Specifying localhost in Mail resolves to the IPv6 localhost address, when connecting to the mail server then the EHLO/HELO commands pass in the IPv6 localhost address....When you specify 127.0.0.1 in your settings then Mail passes that address instead and everything works.
That comment exactly matched the debug output I had just read and sure enough, my problem was fixed by configuring my outgoing mail server in Mail.app using 127.0.0.1 instead of localhost.
The important lesson is about how fear clouds the mind. I was so close to identifying the problem on Friday. One of the other suggested answers in the comments on the above blog called for commenting out a line in /etc/hosts. I made other modifications to /etc/hosts in my troubleshooting on Friday. I asked myself "what is that ::1 in there?" (the line to comment out). In my fear-clouded mind on Friday I didn't think of googling for "mail.app debug", even though I was exactly asking myself how to get some kind of useful information about how Mail.app was trying to talk to the SSH tunnel. By contrast, today without the fear clouding my mind, that was my first search. My solution to this stupid problem this morning was about 15 minutes of searching and reading (and about four hours of writing about it. ;-) compared to a whole day wasted in anger and frustration. Had I noticed the fear on Friday and released it, I might have actually had time to do some billable work. Speaking of which, I've got some programming to catch up on.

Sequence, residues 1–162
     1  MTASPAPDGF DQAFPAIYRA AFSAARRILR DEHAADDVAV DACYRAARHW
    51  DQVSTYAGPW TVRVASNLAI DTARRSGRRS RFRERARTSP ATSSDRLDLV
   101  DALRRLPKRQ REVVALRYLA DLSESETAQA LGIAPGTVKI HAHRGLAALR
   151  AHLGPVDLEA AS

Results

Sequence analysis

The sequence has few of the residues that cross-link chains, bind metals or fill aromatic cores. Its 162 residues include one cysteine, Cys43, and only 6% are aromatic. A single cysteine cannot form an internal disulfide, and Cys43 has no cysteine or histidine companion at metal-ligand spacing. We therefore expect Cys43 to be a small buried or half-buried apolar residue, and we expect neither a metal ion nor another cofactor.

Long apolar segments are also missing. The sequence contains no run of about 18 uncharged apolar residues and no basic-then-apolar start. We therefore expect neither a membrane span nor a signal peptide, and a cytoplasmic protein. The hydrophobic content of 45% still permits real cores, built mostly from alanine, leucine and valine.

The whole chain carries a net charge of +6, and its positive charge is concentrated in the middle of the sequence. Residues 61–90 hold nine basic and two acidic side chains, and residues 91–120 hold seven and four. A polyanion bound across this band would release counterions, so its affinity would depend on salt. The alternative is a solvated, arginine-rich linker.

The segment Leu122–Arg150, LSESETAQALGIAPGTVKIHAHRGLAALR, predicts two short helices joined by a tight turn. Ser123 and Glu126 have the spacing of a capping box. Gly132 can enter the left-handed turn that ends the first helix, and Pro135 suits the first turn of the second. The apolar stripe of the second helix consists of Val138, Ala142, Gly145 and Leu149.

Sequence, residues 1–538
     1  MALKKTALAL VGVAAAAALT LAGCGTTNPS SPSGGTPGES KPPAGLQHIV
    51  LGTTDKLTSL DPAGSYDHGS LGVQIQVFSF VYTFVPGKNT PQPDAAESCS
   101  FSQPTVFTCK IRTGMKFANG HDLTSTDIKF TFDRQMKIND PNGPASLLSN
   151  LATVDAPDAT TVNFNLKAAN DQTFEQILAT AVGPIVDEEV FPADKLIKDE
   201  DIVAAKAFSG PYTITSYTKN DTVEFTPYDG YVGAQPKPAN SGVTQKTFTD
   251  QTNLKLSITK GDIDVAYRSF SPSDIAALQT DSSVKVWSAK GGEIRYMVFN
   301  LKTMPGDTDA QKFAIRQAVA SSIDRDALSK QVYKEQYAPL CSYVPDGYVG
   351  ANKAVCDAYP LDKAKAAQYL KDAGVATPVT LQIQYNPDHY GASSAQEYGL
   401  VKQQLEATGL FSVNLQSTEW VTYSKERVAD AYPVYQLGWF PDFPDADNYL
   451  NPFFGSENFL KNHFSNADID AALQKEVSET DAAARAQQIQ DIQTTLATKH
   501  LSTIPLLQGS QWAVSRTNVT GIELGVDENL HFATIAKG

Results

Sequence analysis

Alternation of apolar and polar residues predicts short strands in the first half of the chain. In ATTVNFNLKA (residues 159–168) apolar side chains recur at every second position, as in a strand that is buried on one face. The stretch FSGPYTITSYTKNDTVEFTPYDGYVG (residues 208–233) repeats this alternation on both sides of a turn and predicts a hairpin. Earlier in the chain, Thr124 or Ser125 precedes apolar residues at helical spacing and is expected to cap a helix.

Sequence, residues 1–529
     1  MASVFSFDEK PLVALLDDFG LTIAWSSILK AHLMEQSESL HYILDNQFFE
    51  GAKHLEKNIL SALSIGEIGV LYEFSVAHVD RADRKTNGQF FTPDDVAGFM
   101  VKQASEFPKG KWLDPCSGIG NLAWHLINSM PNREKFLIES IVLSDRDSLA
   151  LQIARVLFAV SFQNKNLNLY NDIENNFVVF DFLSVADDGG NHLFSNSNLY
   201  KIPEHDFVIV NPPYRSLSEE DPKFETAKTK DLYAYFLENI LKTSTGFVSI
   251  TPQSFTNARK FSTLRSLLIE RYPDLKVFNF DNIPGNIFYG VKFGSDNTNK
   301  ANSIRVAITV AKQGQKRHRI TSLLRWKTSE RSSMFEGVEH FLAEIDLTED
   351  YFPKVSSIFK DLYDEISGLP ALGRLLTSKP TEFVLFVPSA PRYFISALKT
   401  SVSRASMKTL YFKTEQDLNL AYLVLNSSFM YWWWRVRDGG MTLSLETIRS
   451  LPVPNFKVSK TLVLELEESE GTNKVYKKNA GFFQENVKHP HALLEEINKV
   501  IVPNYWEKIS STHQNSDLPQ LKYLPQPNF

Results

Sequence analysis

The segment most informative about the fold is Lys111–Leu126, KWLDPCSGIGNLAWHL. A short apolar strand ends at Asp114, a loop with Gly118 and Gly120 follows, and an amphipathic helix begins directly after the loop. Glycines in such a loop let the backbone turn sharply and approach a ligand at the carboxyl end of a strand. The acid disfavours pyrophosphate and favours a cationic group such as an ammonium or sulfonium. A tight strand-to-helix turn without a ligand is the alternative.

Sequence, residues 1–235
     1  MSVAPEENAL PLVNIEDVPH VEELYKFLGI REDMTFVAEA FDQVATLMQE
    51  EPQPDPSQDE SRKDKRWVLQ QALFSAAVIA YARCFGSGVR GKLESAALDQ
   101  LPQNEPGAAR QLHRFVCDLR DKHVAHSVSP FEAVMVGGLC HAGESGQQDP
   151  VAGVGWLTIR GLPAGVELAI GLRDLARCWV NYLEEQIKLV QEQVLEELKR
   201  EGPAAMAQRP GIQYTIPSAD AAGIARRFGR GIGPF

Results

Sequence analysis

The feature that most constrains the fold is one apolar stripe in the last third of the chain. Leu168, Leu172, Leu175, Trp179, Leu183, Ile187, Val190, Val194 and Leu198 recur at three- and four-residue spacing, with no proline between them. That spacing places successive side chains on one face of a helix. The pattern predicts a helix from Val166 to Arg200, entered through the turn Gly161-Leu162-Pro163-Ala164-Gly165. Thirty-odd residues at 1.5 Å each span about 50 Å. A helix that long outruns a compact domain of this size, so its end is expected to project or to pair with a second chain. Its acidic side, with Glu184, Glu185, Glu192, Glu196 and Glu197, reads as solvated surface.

Most people would never guess that about me. A few people might remember some tantrums -- people from junior high and high school, and maybe my suite mates from Freshman year of college. The tantrums gradually stopped as I became less self-destructive.